The UN Committee on the Rights of Persons with Disabilities is meeting in Geneva from 20 March to 12 April 2017 to review the following countries: Moldova (21-22 March); Iran (22-23 March); Cyprus (23-24 March); Bosnia and Herzegovina (27-28 March); Jordan (28-29 March); Armenia (29-30 March); Honduras (30-31 March) and Canada (3-4 April).
CBM will present a statement in the Committee’s opening session highlighting the importance of retaining a focus on Agenda 2030 and the Sustainable Development Goals in its final recommendations to each country.
The eight countries to be reviewed are among the 172 States that have ratified the Convention on the Rights of Persons with Disabilities, and so are required to submit regular reports to the Committee, which is composed of 18 international independent experts. CBM’s presence in Canada enabled critical input into shaping how Canada will deliver disability-inclusive Sustainable Development Goals, so we hope this will be reflected in recommendations on international cooperation. In the same light we hope the recommendations for Jordan will highlight the additional barriers faced by refugees with disabilities in camps who have fled from Syria.
During the meetings in Geneva, Committee members will hold question and answer sessions with the respective State delegations. They will also hear from organisations representing persons with disabilities, NGOs and national human rights institutions.
Venue: Room 17, Palais des Nations, Geneva
Time: Each review runs from 15:00 to 18:00 Geneva time and continues the following day from 10:00 to 13:00. The public sessions will be webcast at http://webtv.un.org/
What is CRPD and why is it important?
The Convention on the Rights of Persons with Disabilities is a human rights treaty designed by representatives of the international community – including people with disabilities, government officials, representatives of non-governmental organisations and others – to change the way people with disabilities are viewed and treated in their societies.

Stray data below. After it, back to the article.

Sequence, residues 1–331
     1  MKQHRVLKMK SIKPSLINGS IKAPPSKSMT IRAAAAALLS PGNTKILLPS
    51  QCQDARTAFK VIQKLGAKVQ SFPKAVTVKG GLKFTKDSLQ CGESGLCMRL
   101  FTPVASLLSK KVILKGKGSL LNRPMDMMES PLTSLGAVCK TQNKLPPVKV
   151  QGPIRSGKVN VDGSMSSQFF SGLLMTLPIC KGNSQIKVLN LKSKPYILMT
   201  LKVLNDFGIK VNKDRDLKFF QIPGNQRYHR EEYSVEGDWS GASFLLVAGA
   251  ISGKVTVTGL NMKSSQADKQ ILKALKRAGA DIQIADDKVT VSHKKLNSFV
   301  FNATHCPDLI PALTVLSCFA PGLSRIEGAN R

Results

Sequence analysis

The Convention lies at the heart of what CBM strives for in its vision to contribute to an inclusive world where persons with disabilities enjoy their human rights and achieve their full potential.
Rather than considering disability as an issue of medicine, charity or dependency, the Convention challenges people worldwide to understand disability as a human rights issue. The Convention covers many areas where obstacles can arise, such as physical access to buildings, roads and transportation, and access to information through written and electronic communications. The Convention also aims to reduce stigma and discrimination, which are often reasons why people with disabilities are excluded from education, employment and health and other services.
There are around 1 billion people with disabilities in the world. They are often the poorest of the poor. The stigma and discrimination they are subjected to are common in all societies. The Convention on the Rights of Persons with Disabilities is important because it is a tool for ensuring that people with disabilities have access to the same rights and opportunities as everybody else.
The CRPD commmittee is the international monitoring body that currently exists to guarantee that States that have ratified the treaty (CRPD) will promote and protect the rights of people with disabilities.
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